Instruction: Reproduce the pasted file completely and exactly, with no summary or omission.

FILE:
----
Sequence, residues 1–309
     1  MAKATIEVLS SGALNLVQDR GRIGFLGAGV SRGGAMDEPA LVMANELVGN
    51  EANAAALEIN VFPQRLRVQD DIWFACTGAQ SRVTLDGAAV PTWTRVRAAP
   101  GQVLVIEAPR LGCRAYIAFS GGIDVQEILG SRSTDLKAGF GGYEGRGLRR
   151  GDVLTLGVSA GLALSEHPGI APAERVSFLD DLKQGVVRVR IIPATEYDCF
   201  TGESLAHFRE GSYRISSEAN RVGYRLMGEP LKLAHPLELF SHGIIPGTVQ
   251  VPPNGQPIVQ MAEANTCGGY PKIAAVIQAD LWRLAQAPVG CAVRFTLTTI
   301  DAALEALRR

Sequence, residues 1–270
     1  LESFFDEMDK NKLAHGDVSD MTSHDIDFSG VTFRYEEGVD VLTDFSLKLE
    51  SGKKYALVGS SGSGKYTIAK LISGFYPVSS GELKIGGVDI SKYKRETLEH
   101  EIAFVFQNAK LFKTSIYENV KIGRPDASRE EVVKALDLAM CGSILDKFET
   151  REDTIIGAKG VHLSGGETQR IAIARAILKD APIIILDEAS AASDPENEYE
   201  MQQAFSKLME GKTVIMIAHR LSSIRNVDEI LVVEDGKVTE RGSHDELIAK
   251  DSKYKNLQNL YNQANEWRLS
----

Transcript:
Sequence, residues 1–309
     1  MAKATIEVLS SGALNLVQDR GRIGFLGAGV SRGGAMDEPA LVMANELVGN
    51  EANAAALEIN VFPQRLRVQD DIWFACTGAQ SRVTLDGAAV PTWTRVRAAP
   101  GQVLVIEAPR LGCRAYIAFS GGIDVQEILG SRSTDLKAGF GGYEGRGLRR
   151  GDVLTLGVSA GLALSEHPGI APAERVSFLD DLKQGVVRVR IIPATEYDCF
   201  TGESLAHFRE GSYRISSEAN RVGYRLMGEP LKLAHPLELF SHGIIPGTVQ
   251  VPPNGQPIVQ MAEANTCGGY PKIAAVIQAD LWRLAQAPVG CAVRFTLTTI
   301  DAALEALRR

Sequence, residues 1–270
     1  LESFFDEMDK NKLAHGDVSD MTSHDIDFSG VTFRYEEGVD VLTDFSLKLE
    51  SGKKYALVGS SGSGKYTIAK LISGFYPVSS GELKIGGVDI SKYKRETLEH
   101  EIAFVFQNAK LFKTSIYENV KIGRPDASRE EVVKALDLAM CGSILDKFET
   151  REDTIIGAKG VHLSGGETQR IAIARAILKD APIIILDEAS AASDPENEYE
   201  MQQAFSKLME GKTVIMIAHR LSSIRNVDEI LVVEDGKVTE RGSHDELIAK
   251  DSKYKNLQNL YNQANEWRLS